The liberal media are urging Joe Biden to form a shadow government to upstage President Donald Trump's crisis response effort, which illustrates its consuming partisanship -- and its insufficient attention to the health and welfare of the American people.
MSNBC host Stephanie Ruhle floated the idea during an interview with former Barack Obama staffer Jim Messina. Referring to Trump's COVID-19 daily press briefing, Ruhle asked, "Should Joe Biden be counterprogramming that? Should he be creating his own shadow government, shadow Cabinet, shadow SWAT team, and getting up there at a podium every night, saying, 'Here's the crisis we're in. Here's what we need to do to address this'?"
I'll concede that if Biden were to follow Ruhle's ludicrous suggestion, Trump would be the biggest beneficiary. If some are still unaware of Biden's diminishing competence, they would certainly learn of it in counter-press briefings. But let's not get sidetracked with our own partisan ruminations when we should be working together to mitigate Americans' medical and economic hardships.
Sadly, the media can't get beyond their obsessive hatred for Trump to approach this moment with even minimal clarity. We witness this repeatedly at the briefings. Some reporters seek to elicit facts that will help inform the public, but far too many are there to grandstand, and to embarrass and shame the president.
They sling their gotcha questions, hoping to trick Trump into admitting he didn't act quickly enough and isn't effectively overseeing the distribution of equipment and other aid to the states. Some have very nearly accused Trump of causing American deaths.
Aside from the spuriousness of their claims, these questions are utterly inappropriate and counterproductive at briefings whose purpose is to update the American people on our battle against the coronavirus and on plans to reopen the economy.
Accusing President Trump of an initially tardy response, even if true (which it isn't), distracts our attention from combating this pandemic. It may satisfy their Trump-hating lust, but it serves no constructive purpose. If they want to pursue yet another investigative crusade against Trump in time to damage him before the November election, how about they wait just a few more months while the adults try to alleviate real pain befalling real people?
The idea of a shadow government is not just ill-motivated; it is absurd. Who are these clowns kidding? The president's principal medical advisers on this crisis, Dr. Anthony Fauci and Dr. Deborah Birx, are certainly not Republicans telling Trump whatever he wants to hear. If they're paying attention, they also know that Trump is respectfully considering their every word and, in most cases, deferring to their judgment. The media were aghast when Birx shattered their narrative of Trump as an inattentive lummox. "He's been so attentive to the scientific literature and the details and the data," said Birx. "I think his ability to analyze and integrate data that comes out of his long history in business has really been a real benefit during these discussions about medical issues." So do I.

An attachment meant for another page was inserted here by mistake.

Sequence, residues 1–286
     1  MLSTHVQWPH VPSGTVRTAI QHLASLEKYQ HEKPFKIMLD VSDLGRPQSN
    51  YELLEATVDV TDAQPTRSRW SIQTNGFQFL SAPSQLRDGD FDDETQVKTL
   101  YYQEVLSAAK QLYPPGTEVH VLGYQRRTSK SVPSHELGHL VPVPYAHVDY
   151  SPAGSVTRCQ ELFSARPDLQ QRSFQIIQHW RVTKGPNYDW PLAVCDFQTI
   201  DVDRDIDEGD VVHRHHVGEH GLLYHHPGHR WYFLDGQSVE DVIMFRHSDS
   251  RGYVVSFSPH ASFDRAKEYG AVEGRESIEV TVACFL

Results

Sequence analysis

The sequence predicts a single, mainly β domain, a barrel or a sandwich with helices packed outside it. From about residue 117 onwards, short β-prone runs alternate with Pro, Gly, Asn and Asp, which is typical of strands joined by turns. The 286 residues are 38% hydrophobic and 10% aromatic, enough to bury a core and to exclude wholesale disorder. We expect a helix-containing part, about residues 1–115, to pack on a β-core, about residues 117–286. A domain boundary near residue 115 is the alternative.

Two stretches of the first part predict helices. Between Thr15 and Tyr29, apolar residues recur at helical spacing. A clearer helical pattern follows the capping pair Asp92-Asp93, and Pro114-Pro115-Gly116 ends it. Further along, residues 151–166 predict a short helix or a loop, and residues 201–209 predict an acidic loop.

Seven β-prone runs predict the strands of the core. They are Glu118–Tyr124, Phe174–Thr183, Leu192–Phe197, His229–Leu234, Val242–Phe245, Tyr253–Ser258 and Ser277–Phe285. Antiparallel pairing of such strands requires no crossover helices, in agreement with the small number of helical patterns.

The media have tried to drive a wedge between Fauci and Trump, but neither of them would have it. Fauci has insisted that there is little, if any, inconsistency in their positions. There is no tension between Trump and these doctors in the briefings. Fauci has also been quite clear in disabusing Trump's media prosecutors of their claim that Trump was delinquent in responding to the crisis -- because if Trump was late, Fauci was even later.
So what would these armchair quarterbacks hope to accomplish through their fantasy shadow team, other than keeping Joe Biden in the limelight by presenting some bogus alternative to the administration's leadership?
As it turns out, Ruhle wasn't the first to pitch the shadow government concept. On March 23, Washington Post opinion writer Paul Waldman proposed it. "In Britain, the opposition party maintains a 'shadow' cabinet, a group of spokespeople assigned the same policy areas as the ministries of the government, to offer the opposition's view on whatever issue is being discussed at a given moment," wrote Waldman. "While Biden probably wouldn't want to assign specific Cabinet positions now he could utilize both his own aides and people in the broader Democratic world to give the public a picture of what government under President Biden would be up to -- and provide a contrast with the chaos, corruption, and incompetence that characterizes the Trump administration."
The common thread uniting Ruhle, Waldman and the rest of the Trump-hating media cabal is their inability to see anything outside a partisan lens. Even now while thousands of Americans have died and millions are suffering financially, they can't see past their unremitting contempt for him, and they can't apply their energy toward helping Trump solve these problems instead of scheming of ways to unseat him in November.
Meanwhile, Trump has organized both his coronavirus task force and his Opening Our Country Council on a bipartisan basis, and he is working across party lines with businesses and state governments to address the crisis.
While the media have failed to make their case against Trump for incompetence and partisanship, they have resoundingly demonstrated their own -- and the public is not likely to soon forget it.